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Conclusions about Page Rank and Search Engine Page Results factors to keep in mind.

PageRank is just one of many ranking factors used to determine ranking in search results.  Try to improve your website’s speed or loading page time.   Studies show faster sites create a happier user experience.   When a site responds slowly, visitors get impatience and spend less time there.  Sometimes using flash and image sliders can slow down your website.  These are just a few of the 200 metrics Google uses.  Of course relevance of a page is still the biggest factor in search results.   The anchor text of a link is usually far more important than whether it’s on a high PageRank page. And having lots of high quality backlinks is also important in search results.  If you really want to know what are the most important, relevant pages to get links from, forget PageRank. Think search rank. Search for the words you’d like to rank for. See what pages come up tops in Google. Those are the most important and relevant pages you want to seek links from. That’s because Google is explicitly telling you that on the topic you searched for, these are the best.  Feel free to visit our other blogs for more useful information.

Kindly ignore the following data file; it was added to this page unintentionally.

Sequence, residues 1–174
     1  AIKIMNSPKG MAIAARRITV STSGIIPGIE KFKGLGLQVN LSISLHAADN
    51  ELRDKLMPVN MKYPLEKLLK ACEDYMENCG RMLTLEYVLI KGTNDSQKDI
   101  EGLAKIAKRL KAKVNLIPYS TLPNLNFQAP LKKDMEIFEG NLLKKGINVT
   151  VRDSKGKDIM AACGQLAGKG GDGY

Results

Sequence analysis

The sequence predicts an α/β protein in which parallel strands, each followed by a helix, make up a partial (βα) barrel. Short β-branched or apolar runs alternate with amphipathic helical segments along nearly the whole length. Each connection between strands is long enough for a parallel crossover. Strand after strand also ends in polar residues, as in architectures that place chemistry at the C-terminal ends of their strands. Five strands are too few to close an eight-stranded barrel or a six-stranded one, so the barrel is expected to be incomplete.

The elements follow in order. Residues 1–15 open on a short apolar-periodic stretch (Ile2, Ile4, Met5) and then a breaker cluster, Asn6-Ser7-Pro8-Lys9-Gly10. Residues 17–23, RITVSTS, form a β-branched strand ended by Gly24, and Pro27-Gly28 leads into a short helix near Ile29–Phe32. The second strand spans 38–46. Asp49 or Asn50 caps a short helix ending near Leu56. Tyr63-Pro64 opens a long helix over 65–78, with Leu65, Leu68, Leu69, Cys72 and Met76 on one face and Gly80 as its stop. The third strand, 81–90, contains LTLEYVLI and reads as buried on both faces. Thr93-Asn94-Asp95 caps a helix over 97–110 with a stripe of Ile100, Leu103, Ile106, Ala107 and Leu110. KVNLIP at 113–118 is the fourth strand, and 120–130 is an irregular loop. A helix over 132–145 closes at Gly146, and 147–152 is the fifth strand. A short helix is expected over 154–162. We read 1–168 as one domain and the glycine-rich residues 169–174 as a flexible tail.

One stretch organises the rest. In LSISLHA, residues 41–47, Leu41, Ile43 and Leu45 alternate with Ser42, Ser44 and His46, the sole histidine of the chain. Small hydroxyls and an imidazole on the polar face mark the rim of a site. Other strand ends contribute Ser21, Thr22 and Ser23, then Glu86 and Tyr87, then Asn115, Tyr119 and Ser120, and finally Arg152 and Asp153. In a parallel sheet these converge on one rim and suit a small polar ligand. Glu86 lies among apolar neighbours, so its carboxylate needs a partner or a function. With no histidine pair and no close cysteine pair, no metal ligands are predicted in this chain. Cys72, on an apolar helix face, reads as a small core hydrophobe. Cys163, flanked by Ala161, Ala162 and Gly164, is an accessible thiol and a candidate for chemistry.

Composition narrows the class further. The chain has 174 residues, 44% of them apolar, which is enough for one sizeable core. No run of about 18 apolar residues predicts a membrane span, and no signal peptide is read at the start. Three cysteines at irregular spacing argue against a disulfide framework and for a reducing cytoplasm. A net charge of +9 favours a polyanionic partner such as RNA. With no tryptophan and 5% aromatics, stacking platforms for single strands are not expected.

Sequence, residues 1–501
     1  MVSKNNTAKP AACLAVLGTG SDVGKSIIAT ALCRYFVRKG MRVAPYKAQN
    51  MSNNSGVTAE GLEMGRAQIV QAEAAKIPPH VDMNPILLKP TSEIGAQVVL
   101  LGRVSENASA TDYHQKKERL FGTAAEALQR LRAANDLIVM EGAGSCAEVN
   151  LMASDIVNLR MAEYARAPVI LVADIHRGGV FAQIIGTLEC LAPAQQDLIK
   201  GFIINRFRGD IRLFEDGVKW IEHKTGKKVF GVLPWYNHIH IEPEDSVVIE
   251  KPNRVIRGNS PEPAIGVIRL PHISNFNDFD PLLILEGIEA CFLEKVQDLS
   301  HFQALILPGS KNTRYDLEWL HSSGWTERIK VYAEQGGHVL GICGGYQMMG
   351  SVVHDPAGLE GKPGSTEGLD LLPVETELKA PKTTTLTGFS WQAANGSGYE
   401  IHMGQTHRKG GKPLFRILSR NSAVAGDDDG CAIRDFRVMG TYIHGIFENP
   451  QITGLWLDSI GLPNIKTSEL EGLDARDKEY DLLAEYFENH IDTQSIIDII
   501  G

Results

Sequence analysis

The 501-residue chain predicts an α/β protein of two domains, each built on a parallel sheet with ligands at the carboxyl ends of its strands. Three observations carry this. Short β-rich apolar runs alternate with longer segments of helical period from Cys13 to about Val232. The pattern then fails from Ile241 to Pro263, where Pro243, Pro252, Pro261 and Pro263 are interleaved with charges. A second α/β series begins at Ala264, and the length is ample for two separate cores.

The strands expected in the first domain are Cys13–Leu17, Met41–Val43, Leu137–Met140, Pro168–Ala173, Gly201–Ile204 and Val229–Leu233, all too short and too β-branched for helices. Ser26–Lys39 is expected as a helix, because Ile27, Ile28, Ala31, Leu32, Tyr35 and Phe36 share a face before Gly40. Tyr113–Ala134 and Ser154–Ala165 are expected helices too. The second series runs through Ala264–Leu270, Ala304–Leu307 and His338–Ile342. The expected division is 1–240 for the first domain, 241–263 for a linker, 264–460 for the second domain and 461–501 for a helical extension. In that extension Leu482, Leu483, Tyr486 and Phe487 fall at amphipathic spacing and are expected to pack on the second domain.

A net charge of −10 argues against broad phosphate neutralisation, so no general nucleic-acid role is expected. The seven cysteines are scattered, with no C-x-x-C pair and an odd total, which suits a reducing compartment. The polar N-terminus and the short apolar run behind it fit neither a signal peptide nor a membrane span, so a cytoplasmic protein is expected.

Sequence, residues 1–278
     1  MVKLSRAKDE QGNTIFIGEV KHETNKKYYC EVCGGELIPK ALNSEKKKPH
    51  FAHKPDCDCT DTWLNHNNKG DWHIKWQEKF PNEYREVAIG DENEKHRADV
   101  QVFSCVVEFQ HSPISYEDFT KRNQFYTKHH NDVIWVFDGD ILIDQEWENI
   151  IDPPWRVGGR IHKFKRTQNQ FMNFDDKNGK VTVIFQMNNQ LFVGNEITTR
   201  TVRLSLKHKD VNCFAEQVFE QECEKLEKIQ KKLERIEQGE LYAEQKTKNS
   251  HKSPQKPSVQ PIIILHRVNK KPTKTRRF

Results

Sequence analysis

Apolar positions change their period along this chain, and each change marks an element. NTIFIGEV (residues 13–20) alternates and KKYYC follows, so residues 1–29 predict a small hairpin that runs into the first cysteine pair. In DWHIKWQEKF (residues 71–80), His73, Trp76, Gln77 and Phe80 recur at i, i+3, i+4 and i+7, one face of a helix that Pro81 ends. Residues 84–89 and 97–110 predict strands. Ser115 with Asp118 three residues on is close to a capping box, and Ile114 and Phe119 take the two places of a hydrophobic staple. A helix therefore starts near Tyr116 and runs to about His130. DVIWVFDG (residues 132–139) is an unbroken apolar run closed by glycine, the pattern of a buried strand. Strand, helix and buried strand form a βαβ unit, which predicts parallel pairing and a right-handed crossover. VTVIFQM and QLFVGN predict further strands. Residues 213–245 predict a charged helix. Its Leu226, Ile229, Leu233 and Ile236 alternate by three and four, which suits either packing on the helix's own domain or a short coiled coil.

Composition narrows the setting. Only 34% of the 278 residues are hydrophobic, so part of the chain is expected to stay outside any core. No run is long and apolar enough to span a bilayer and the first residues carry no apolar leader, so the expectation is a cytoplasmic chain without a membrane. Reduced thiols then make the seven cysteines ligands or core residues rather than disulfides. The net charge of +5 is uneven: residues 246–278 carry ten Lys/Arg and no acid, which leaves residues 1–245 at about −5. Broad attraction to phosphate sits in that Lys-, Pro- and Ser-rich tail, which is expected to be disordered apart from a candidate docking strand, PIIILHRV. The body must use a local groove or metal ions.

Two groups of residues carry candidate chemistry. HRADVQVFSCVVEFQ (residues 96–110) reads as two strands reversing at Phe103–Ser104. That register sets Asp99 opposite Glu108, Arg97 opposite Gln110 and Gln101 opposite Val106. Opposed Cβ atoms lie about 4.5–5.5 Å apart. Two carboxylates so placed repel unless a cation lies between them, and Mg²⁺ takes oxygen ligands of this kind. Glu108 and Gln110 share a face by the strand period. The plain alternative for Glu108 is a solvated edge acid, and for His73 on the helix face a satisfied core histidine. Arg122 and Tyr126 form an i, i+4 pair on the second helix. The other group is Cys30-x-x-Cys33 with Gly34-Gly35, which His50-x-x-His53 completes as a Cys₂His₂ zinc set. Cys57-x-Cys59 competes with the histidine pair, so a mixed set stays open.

• http://www.stellaanokam.com/get-more-subscribers-effective-strategies-2576 Stelsie318

    You touched on 3 of the top factors that makes a website owner a winner – the ultimate reasons for ranking high on the search engines are definitely to get most browsers click through, stay long and read a couple of pages on blog and take action (to do) the call to action.

    If a blog/ website is short on one or more of those, then every traffic generation and SEO effort is a waste.

    Thanks for bringing these to bare.

  • Andrew Broadbent

    Thanks stelsie 

  • http://www.geeksvilla.com/ Emma

    Recently one of my blogs page rank get down. I am not sure what is happening. Is it related to Google Panda update?

    • http://vabulous.com/ Vania

      Thanks for your question. As it happens, Google just released another update last night, Panda 3.3, which they claim removes a “link evaluation signal” that they’ve been using for years, here it is, straight from Google’s Blog: